Standing firm in a time of change

From your first breath as you emerged from the water of the womb to your last sigh as you leave the earth, each breath connects you to nature, to your work, and to fellow human beings across the world.

Can you tell I just finished reading a book on Wind work? šŸ™‚

Author and shamanic healer Renee Baribeau’s book, Winds of Spirit, blows you around in all manner of directions. Here’s my #1 takeaway:

If you’re feeling disconnected from your work or your life, take off your shoes, step outside, and take a “wind bath.” Start off with a few deep breaths. Then ask yourself a question. Continue reading

Is singing the new exercise?

No matter what type of work you’re doing, finding a “like” community can help you accomplish more and have more fun with what you’re doing.

In Daniel Pink’s book, When, he writes about the benefits of choral singing – a unique kind of community. If you’ve ever sung with a group, you know how it lifts your spirit even more than singing solo. “Happy” countries, like the Netherlands, have regular gatherings where everyone sings. And I think group singing is why so many of us love theater – both participating in it and being part of the audience.

It’s not a stretch to think that singing makes you feel good. But check out the other benefits Pink lists for choral singing: Continue reading

Stay humble. Stay grateful.

As you may remember, a couple of weeks ago,Ā I wrote about how important it is to take breaks and how hard it is for me to take a break. And if you saw my post from last week, you know that my refusal to take a break resulting in theĀ Universe knocking me flat with a broken ankle. Won’t take a break? How about a nice, quiet week in bed?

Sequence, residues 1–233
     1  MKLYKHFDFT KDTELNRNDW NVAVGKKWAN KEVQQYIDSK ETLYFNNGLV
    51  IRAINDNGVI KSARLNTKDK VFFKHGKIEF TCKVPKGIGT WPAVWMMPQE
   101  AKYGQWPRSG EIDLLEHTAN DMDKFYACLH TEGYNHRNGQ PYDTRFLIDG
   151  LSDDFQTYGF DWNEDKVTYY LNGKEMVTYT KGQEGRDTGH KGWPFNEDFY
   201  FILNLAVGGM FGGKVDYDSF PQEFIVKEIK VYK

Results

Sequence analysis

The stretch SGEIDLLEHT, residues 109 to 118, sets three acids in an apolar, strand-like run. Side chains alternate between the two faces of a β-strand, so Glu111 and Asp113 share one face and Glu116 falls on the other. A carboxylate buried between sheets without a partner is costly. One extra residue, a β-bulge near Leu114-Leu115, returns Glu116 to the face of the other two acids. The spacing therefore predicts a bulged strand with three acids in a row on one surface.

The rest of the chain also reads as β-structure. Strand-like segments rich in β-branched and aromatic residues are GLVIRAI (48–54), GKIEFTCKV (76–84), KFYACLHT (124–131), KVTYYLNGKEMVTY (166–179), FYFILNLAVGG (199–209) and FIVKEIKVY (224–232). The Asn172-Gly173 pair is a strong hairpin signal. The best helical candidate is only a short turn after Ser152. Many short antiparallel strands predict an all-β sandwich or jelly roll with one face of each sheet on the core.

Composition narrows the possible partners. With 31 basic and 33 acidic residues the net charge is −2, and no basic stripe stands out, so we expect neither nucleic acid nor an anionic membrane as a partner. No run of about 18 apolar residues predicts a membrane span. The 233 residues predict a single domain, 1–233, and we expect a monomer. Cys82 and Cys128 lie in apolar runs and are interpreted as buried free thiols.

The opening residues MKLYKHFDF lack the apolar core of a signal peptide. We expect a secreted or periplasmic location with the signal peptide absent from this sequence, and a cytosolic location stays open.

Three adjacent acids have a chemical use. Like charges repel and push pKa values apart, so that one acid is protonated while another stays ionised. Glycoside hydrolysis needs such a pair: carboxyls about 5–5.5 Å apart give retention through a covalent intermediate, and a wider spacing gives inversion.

I’m going to take a risk here and admit that as bad as I am at taking breaks, I’m also terrible about asking for help. I love being efficient and independent. I’m the one who is here to help you! You do not need to help me.

Except that I’m in a cast for 8 weeks and can’t drive!

Here are my organizational lessons, and lessons in humility, from the past two weeks: Continue reading

When the Universe grants your wishes

As you may recall, I did a post a couple of weeks ago talking about how important it is to take breaks, and how terrible I am at it. I ended the post vowing to try to take breaks during the day. I went another week and did not make any progress.

So you know what the Universe did?

Continue reading

New business goal: Make the workplace great for the workers

I spoke at a “Lean” conference on Friday. Lean is a way of doing business where you do everything you can to run a business efficiently while still deeply respecting the people you work with. You’re making improvements that may help the bottom line, but your focus is on creating a better workspace. This conference was a great fit for me!

The last speaker was my favorite. His name is Kevin Hancock. He’s the President of a huge lumber company here in Maine, Hancock Lumber. As you can probably tell from the name of the company, he is family – 4th generation. What was fascinating about Kevin’s talk is that he hardly has any voice. He suffers from a rare ailment that makes his throat spasm when he talks. He’s been dealing with this for a couple of years, and while it was painful in a way to listen to him, he assured us it doesn’t cause him pain – it’s just hard for him to communicate. Continue reading

Take a break

I’m reading a new book by Daniel Pink,Ā When: The Scientific Secrets of Perfect Timing. The chapter on the importance of taking breaks caught my eye because I’m so bad at taking breaks!

Pink reviewed dozens of studies and swears you’ll be more productive by taking breaks that are:

  • Short and frequent
  • Moving v. stationary
  • Social v. solo
  • Outside v. insideĀ 
  • Fully detached v. walking while texting or talking on the phone

He describes the perfect break: Continue reading

Still not organized?

If you’re having trouble getting traction on your organizational goals, it may be time to take a step away from your work, take a deep breath, and look for root causes.

Here are a few questions to ask yourself. Continue reading